There are no shortage of iPhone apps that function as remotes for your Mac, Apple TV, or just about anything else. Keymote (iTunes link), by Iced Cocoa, takes the concept to a new level by allowing custom “keysets” for all of your favorite applications.
So why would anybody need an app to do this when most apps have keyboard shortcuts already? Well the answer is simple if you consider the power of leveraging the large screen on the iPhone. When it launched sans a physical keyboard, Steve Jobs commented that it was a great idea to do away with it, because there are times when you don’t need a full size keyboard. If you are typing in numbers, it would be great to see large numbers instead of individual keys.
The same holds true for shortcuts. Why should I have to press “Shift+Command+Delete” to empty my trash when I could just use one button for that same purpose? Keymote addresses this usability blemish.
Keymote’s setup process is very simple and only requires that your iPhone and Mac share a Wi-Fi connection. Download the remote software on your Mac and it resides on the menu bar. Once you’ve paired the iPhone to your Mac from the app, you’re ready to roll.
Keymote comes with several keysets out of the box but also includes an in-app store that provides a larger wealth of free downloadable keysets for other popular apps, all contributed by users. Instantly download keysets for Aperture, Adobe Illustrator, Pages or any other app you use frequently. My favorite is the Numerical Keypad keyset which will help your stylish Apple keyboard feel a little more powerful.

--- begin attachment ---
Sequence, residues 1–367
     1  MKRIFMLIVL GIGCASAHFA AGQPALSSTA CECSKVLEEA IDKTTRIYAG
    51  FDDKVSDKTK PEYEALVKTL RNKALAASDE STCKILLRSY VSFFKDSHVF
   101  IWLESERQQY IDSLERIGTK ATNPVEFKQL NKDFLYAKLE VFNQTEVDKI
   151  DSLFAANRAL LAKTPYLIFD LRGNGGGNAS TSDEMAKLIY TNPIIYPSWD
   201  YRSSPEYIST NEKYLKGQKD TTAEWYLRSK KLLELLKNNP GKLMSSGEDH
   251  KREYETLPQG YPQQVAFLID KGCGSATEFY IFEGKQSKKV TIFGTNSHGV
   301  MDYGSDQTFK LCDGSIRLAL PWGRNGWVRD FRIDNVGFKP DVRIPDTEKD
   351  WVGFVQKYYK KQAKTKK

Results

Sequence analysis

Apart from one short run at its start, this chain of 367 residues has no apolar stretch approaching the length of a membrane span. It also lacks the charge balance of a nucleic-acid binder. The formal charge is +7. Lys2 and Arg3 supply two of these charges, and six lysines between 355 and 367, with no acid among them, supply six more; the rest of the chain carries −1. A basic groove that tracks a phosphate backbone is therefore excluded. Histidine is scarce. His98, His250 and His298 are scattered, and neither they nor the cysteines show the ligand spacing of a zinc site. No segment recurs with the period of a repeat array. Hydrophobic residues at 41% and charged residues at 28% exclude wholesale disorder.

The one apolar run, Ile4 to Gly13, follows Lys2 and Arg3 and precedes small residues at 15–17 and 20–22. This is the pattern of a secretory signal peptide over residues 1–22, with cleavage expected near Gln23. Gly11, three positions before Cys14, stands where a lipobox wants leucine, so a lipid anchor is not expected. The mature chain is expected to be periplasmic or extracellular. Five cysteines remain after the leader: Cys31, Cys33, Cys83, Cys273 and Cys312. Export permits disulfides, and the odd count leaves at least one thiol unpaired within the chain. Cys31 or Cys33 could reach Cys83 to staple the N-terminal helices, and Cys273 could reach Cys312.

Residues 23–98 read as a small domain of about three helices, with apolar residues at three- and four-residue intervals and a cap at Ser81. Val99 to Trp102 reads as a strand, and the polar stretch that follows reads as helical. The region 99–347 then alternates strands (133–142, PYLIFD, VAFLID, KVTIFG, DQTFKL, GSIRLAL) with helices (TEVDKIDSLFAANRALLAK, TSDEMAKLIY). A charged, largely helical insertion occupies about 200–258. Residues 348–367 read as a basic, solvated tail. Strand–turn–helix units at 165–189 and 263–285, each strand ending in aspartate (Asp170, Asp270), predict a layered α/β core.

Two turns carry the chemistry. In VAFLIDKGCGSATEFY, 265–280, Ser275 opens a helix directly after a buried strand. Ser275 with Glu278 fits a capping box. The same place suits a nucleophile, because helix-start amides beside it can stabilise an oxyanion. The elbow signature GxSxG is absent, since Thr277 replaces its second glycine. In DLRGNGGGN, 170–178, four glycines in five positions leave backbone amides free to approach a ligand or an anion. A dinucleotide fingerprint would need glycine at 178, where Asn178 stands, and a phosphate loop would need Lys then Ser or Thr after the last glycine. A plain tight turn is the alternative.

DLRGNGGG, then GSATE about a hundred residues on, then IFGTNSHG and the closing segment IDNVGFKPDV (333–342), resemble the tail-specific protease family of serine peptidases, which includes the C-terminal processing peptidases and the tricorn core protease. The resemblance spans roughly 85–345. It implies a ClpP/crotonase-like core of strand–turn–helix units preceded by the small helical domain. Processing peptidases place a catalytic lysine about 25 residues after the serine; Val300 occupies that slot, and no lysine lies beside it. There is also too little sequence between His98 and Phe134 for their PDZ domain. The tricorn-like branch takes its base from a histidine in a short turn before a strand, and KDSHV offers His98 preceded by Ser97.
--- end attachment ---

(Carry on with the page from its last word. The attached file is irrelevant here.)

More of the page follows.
If there’s not a keyset for an application you like to use, feel free to create your own and share it with others. If a particular keyset is not quite up to your standards, tap a key or spacer and hold. Then you can just drag it to a better location. If a shortcut is missing, just tap the plus and add it right alongside the rest.
The only thing to keep in mind is that you might find yourself using your phone more often than before. In case, my iPhone has become more of an auxiliary keypad and so I needed to adjust my sleep settings to keep my phone awake. Additionally, Keymote requires the software you’re using be the active application. This means if I call up Photoshop key commands and create a new document, it invokes “Command+N.” If Photoshop isn’t the active application, “Command+N” will apply to whichever app is active. The developers are aware of this limitation, and it’s something they are working to address.
With a stylish user interface that looks great not just on my iPhone, but as a “keypad” next to my Mac, Keymote is a great application for those whose regularly harness the power of shortcuts. Keymote is $3.99 and available for download on the App Store. If you’ve had the chance to try it out, please share your thoughts.